• Radiation skin damage

2. Collagen Ropes and Pad

Collagen ropes are used mainly to pack deep wounds and lacerations. The collagen ropes are packed in tight within the wound and then quickly absorbed by the body. Having the healing start within the wound can help speed up the healing process. These wounds are then usually covered with a collagen pad to help heal the skin around the wound. 

Pads are used mostly on the actual wound themselves. They are more versatile and can be cut and sized to fit any wound. Most dressings are absorbed into the body and will not need to be changed. 

3. Collagen Pads with Silver

Modern medicine is incredible. They have taken the healing effects collagen and the ability to fight bacteria from silver and have combined both of them for a new approach to wound care. Silver has been widely used to combat bacterial growth in wound care due to bacteria being much more sensitive to silver. Unfortunately, too much silver used can be bad for healthy cells. So you must be careful when using it as wound care. The key is to find the right formula. 

4. Alginate Dressings

Alginate dressings are best used for draining wounds or wounds with an excessive amount of fluid. Alginate dressings are dry when placed on the wound, and become a more gel-like substance as the dressing absorbs the fluid from the wound. A secondary bandage would be needed to wrap over an alginate dressing. Alginate dressings need to be changed periodically. It is recommended to use a saline solution when removing the dressing to keep from damaging the healing skin around the wound. 

Brands of Collagen Dressing in the Market

1. Fibracol Plus Collagen Wound Dressing

FIBRACOL Plus Collagen Wound Dressing

Fibracol combines collagen's structural support and the gel-forming properties of alginate into a comfortable, soft, and absorbent dressing. Best used on venous ulcers, diabetic ulcers, and full thickness pressure ulcers. 

2. Woun'Dres Collagen Hydrogel

Woun'Dres Collagen Hydrogel 3 Oz. Tube (1)

Woun'Dres Collagen Hydrogel

Woun'dres Hydrogel is a clear gel. It contains collagen and panthenol that work simultaneously to stimulate tissue growth and maintain an appropriate moisture level. Woun'dres does not have propylene glycol which is found in other hydrogels.  Has a two-year shelf life so it will be available the next time you need it to get the healing that you need. Works for all types of wounds.

3. 3M Tegaderm Silver Alginate Dressing

3M Tegaderm 3M Tegaderm™ Alginate Ag Silver Dressing

Tegaderm Alginate Ag dressing is available as a pad or rope. It is an antimicrobial highly absorbent wound dressing that is made up of sterile calcium alginate, ionic silver complex, and carboxymethylcellulose. The dressing release antimicrobial ionic silver when it comes into contact with the wound. This process effectively reduces the bacteria growth, including antibiotic-resistant MRSA and VRE in the wound.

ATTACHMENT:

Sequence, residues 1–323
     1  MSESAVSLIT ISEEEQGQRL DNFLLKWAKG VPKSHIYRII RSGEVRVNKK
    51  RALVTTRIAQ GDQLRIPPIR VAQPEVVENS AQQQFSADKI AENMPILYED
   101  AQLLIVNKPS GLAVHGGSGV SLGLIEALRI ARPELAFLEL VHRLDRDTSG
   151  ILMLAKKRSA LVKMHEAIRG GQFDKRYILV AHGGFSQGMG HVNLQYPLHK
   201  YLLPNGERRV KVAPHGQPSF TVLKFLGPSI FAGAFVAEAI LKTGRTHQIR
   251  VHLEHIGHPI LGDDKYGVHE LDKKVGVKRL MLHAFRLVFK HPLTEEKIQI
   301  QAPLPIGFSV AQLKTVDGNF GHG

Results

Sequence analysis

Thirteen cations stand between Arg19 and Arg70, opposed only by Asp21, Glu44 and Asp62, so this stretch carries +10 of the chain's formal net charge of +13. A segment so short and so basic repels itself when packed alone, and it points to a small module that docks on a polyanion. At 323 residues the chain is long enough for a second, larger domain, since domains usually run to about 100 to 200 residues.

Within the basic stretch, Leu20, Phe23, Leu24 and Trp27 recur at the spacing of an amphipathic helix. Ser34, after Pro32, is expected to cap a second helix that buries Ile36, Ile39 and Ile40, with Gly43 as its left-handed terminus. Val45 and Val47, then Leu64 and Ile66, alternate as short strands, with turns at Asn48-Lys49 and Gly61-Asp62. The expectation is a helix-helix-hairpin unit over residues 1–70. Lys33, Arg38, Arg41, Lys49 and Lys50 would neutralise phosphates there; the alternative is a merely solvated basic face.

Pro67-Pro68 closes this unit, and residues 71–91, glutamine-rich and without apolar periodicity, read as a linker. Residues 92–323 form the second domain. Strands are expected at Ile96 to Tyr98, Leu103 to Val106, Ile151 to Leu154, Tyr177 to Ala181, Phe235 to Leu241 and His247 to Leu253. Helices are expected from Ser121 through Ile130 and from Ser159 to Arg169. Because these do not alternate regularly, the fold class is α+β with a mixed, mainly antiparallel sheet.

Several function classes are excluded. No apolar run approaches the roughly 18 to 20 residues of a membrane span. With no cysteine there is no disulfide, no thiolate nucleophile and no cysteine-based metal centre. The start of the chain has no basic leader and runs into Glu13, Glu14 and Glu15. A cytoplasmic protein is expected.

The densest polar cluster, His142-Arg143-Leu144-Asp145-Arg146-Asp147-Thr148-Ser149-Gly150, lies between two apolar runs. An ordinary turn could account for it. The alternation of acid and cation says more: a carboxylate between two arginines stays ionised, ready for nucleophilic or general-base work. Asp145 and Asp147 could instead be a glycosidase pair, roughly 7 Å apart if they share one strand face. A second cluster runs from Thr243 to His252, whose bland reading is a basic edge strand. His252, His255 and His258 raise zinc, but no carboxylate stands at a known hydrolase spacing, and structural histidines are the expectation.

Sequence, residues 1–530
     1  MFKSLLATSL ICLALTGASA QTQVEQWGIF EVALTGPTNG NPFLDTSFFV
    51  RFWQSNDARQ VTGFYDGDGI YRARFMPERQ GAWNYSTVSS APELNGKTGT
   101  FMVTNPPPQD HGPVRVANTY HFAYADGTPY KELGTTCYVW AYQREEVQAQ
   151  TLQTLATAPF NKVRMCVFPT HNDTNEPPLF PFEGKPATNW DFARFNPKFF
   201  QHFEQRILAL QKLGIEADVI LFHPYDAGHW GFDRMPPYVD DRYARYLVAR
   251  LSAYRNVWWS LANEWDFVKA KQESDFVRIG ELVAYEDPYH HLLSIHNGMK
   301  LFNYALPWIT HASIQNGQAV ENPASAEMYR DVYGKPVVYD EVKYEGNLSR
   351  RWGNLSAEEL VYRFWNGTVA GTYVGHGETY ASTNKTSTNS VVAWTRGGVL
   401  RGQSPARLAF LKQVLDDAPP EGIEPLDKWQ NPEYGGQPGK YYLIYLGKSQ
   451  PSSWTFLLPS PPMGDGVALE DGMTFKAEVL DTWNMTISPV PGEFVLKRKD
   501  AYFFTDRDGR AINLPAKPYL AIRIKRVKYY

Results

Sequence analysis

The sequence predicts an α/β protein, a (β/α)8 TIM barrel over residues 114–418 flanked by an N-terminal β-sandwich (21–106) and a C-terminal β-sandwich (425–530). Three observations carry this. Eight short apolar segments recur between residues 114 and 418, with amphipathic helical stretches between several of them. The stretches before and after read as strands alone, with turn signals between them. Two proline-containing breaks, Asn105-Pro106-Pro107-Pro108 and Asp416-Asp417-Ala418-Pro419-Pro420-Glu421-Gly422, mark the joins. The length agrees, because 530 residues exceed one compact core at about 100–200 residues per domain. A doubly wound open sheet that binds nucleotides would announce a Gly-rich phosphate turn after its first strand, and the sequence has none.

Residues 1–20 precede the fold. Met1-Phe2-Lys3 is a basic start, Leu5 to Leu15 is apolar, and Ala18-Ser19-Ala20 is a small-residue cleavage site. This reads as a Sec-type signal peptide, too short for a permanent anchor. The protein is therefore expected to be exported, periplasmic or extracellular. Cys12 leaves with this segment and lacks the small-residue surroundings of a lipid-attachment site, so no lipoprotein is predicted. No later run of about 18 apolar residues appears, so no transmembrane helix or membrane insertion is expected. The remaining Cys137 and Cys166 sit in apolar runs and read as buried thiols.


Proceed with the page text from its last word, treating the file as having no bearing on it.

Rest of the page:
How to Apply Collagen Dressing to Wounds

person bandaging the person while sitting down

Depending on the type of injury or wound you may need to seek medical attention. If it is a treatable wound that you can care for yourself, follow these few steps to ensure you are on the path to healing. Different dressings work better for various wounds. The steps to follow could vary as well. For example, some bandages will not need to be removed; saline may be necessary to prep the area instead of water, etc. If at all possible, have a medical professional show you the proper way of applying the dressing for the first time. 

1. Clean the Wound

You would first wash your hands and the area around it, disinfect the wound. Then if possible put on some disposable gloves. If the wound is still bleeding, gently put pressure on the wound. Rinse the wound with water and then put antibiotic cream on the wound. 

2. Wrap The Wound

Carefully wrap or place the dressing on the wound.

3. Wrap (if needed) a Secondary Dressing

Some collagens require a secondary dressing to cover it. The frequency of changing the bandages can vary from daily to every seven days.

3. Change Dressing (If necessary)

Carefully replace dressing following instructions. Be careful not to damage healing skin. Saline can be used to wet the dressing making it easier to remove


It is amazing how the body has natural healing capabilities. Now combine that with modern medical advancements - the wounds are healing faster, less scarring and with less serious risks of infection. So next time you look for a bandage to treat a cut or wound, look for one that contains collagen. You will be amazed at the results.